Happy New Year! As a lovely way to start 2019, we wanted to let you know about a wonderful story that’s come to our attention. One of our Senior Lecturers, Isabelle Latham, tells us more:
We hear a lot about ‘Dementia Friendly Communities’ nowadays, ever since the Prime Minister’s Challenge first introduced the idea back in 2012. In the UK, local councils have had guidelines since 2015 on how to make local communities more dementia friendly and the Alzheimer’s Society have led the way in raising awareness of the changes that need to happen, particularly through the ‘Dementia Friends’ initiative.
A dementia friendly community is defined as “a place or culture in which people with dementia and their carers are empowered, supported and included in society, understand their rights and recognise their full potential” (Alzheimer’s Disease International, 2018). This is a fine aim, but also quite a big one! Initiatives, guidelines and policies are all important but we also have to think about what it means in practical terms; what it means for each of us every day in our neighbourhoods. I recently had the pleasure of chatting to a young Worcester resident who showed me exactly what this involves.
Holly is 14 and lives in Worcester with her Mum, sister and dog. I have known Holly’s Mum Elaine for seven years since she attended a 10-day Dementia Specialist training course run by myself and a colleague. Elaine manages a dementia care home in Worcestershire and both Holly and her sister (but not the dog!) are regular volunteers there. It was Elaine who e-mailed me late one night to tell me about Holly’s recent ‘dementia friendly adventure’. I’ll let Holly take up the story from here…
“…I was walking the dog on Wednesday after school and I was following this lady for a bit, because I was walking behind her and she looked a bit confused. She didn’t have a bag or a coat or anything and then she walked into a bin. So that’s when I thought there was something wrong… (What did you do?)… I asked her if she was alright and she said that she wanted to go to the river, and obviously I’m not going to take her to the river because she’s older and it’s dark and cold, so I … just asked are you alright, where do you need to go? Where do you live? Things like that and then I took her to my house … (What made you think that there might be something going on for the lady?)…Well, obviously I know about it because, well I don’t work with it but I’m around people with dementia all the time, so. And like she was saying sorry to the bin and got quite scared of it so I knew something was wrong. (What did you and your Mum do when you got back to your house?)… Well, I’d found out her address so we took her home and the police were looking for her and her husband was worried about her, so we took her back to her husband and he was relieved.”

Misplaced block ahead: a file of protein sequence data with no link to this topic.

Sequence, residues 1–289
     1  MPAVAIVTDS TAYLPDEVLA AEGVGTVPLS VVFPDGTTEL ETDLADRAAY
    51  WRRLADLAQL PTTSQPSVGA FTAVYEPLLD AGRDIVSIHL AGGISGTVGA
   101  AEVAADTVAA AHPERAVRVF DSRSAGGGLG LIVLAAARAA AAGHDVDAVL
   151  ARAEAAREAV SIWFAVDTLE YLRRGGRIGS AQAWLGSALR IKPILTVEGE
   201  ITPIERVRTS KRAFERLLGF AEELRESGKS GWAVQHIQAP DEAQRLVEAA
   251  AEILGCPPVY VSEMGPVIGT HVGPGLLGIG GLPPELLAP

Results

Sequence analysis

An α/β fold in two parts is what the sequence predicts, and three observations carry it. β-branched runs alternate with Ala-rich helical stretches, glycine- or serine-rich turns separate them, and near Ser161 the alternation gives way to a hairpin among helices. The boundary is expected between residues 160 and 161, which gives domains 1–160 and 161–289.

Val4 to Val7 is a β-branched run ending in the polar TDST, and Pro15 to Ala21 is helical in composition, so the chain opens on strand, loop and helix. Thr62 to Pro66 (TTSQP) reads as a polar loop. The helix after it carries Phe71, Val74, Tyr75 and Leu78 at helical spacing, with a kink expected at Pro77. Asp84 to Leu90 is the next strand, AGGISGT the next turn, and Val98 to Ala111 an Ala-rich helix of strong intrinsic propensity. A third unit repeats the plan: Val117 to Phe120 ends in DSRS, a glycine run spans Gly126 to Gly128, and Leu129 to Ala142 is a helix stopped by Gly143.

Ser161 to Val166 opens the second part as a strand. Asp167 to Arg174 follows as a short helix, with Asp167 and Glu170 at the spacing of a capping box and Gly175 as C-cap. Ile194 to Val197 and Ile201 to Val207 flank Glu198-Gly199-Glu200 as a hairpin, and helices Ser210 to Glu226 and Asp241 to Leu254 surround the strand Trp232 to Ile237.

Holly’s Mum told me that the woman’s husband was very grateful, particularly as Holly had lent the woman her coat, walking the journey back in only a t-shirt on a freezing night. The gentleman contacted Holly and Elaine a few days later to say how impressed he was with Holly’s maturity and know-how. Even though it’s not known whether or not the lady had dementia, he thought it was so lucky that Holly was there and felt confident enough to do the right thing.
So, whenever anyone asks me what a dementia friendly community means, I’m going to tell this story. It means caring about each other and trying to help someone who might be struggling, even if it’s inconvenient for us. It means understanding enough about dementia that we’re not too scared or embarrassed to help out. It means that we all need to be a little bit more like Holly!
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